Plan to save historic Wheaton mansion crumbles

A mansion with a storied past in Wheaton is headed for demolition after park district commissioners decided Wednesday to cease negotiations with preservationists to save the 1890s-era building on the Loretto Convent campus at the eleventh hour.

The board unanimously declined to move forward with a daunting project that would have required raising about $1.2 million in donations and pledges to relocate and convert the mansion into a special events venue at Seven Gables Park.

As the clock ticks on a deadline for developers to tear down the House of Seven Gables, commissioners raised concerns about the project's financial viability and accessibility if the mansion hosted weddings and banquets in the park's far western edge, where there is currently no parking lot.

“The logistics of this whole thing — it just doesn't work,” Commissioner Ray Morrill said.

Dozens of neighbors also opposed the project because of fears about traffic, noise and late-night alcohol consumption at a park that's already heavily used.

As a former social worker at Loretto, Pam Curtin said she has a “heartfelt” attachment to the mansion. But as a longtime resident on Danada Drive, Curtin took issue with added congestion and disturbing open green space.

The Wheaton City Council about a month ago approved the project by Pulte Homes to redevelop the Loretto campus, a 16-acre property owned by Catholic nuns since 1946. For about a year, Pulte offered to donate the brick mansion to anyone willing to relocate it.

Rob Getz, the company's director of land acquisitions, told the park board last week that developers need the mansion off the property — either by demolition or relocation — by July 10 so that crews can complete site grading and roadwork before asphalt plants close in the fall.

After a week of preparations, relocating the mansion itself — an engineering feat — would last three weeks. That means movers would have to start staging on the property by June 12, Getz said.

Preservationists envisioned the mansion becoming a community asset and contacted the park district May 17. Katy Goldsborough and her husband initially offered to front the moving costs.

Goldsborough called demolishing the building designed by Jarvis Hunt, a 19th-century prominent architect, a “tragedy.” She also expressed frustrations that the group was unable to address complaints from neighbors.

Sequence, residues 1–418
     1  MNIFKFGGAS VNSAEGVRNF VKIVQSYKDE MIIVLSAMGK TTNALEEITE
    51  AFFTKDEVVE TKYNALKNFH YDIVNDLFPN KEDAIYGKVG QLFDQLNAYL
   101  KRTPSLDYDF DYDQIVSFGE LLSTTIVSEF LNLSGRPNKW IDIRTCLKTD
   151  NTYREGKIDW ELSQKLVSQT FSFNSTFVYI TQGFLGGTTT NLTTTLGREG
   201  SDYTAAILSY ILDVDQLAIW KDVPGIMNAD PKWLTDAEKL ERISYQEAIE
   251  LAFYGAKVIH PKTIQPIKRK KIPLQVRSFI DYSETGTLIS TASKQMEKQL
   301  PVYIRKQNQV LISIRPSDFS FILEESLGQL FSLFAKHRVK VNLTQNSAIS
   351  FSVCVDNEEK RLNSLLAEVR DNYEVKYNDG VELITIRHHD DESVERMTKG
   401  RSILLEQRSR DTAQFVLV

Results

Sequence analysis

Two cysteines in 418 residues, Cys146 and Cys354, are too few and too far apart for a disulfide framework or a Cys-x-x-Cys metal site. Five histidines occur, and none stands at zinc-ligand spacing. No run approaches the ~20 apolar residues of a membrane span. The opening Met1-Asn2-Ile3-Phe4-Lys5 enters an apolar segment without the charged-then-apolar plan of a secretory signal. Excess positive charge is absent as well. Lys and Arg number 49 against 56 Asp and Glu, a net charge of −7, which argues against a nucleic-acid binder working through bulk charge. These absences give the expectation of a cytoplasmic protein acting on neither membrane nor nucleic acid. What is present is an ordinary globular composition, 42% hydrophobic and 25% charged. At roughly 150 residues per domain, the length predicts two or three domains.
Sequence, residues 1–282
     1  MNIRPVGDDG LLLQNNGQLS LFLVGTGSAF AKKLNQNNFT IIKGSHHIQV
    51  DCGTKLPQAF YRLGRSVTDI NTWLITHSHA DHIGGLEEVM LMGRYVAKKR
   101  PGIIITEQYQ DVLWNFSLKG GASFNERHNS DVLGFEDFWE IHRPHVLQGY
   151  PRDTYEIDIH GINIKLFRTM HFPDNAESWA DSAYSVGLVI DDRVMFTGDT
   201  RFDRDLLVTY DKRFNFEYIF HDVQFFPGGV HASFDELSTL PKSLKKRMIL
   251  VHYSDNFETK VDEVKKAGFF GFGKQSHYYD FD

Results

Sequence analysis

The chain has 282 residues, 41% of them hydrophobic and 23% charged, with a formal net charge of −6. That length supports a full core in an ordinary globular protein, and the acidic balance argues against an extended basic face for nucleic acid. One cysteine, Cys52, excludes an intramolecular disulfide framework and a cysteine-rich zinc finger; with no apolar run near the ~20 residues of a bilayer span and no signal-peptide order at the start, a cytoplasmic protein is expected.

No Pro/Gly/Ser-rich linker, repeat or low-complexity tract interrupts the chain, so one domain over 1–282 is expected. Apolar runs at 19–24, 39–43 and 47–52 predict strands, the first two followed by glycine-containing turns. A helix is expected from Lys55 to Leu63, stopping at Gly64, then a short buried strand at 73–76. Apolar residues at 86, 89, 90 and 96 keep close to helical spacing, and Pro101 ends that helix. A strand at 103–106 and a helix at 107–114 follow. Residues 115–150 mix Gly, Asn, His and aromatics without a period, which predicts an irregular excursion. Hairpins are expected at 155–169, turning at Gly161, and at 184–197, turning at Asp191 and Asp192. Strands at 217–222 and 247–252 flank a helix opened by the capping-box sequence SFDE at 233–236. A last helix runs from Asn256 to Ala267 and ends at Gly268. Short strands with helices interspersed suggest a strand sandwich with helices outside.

“We have been working really hard for weeks and weeks, for months, and I think that a lot of tonight is incredibly disappointing in large part because of lack of communication between the preservation group and everyone here,” Goldsborough said. “Up until a few hours ago, we were still fundraising, still making phone calls.”

That campaign appeared to be gaining momentum in recent days. The park district and city of Wheaton proposed contributing a combined $264,000 for the project. Last Friday, a donor identified by the DuPage Foundation promised $100,000. Park district officials also got word Wednesday that the group had found five additional donors who pledged $275,000 over 10 years.

But park district leaders cautioned that operating a restored facility would likely involve two to three years of deficit spending before the venue became financially sustainable. Officials estimated that rental fees would need to generate $200,000 annually to successfully operate and maintain the two-story brick structure built in 1897.

“Had we been brought into this three or four months ago where we could have vetted it out with the community, we could have looked at access, we could have looked at sites. It's something that might have been possible,” Commissioner John Kelly said.

Michael Benard, executive director of the park district, had hoped public support would be strong enough to warrant preserving the mansion.

“Unfortunately, the research and short-term fundraising effort yielded data that did not allow me to recommend their (the park board's) involvement,” he said. “It simply was not a good business decision to proceed.”

How Wheaton Park District could help save Loretto mansion

Preservationists scrambling to raise money to save Wheaton mansion

Article Comments
Guidelines: Keep it civil and on topic; no profanity, vulgarity, slurs or personal attacks. People who harass others or joke about tragedies will be blocked. If a comment violates these standards or our terms of service, click the "flag" link in the lower-right corner of the comment box. To find our more, read our FAQ.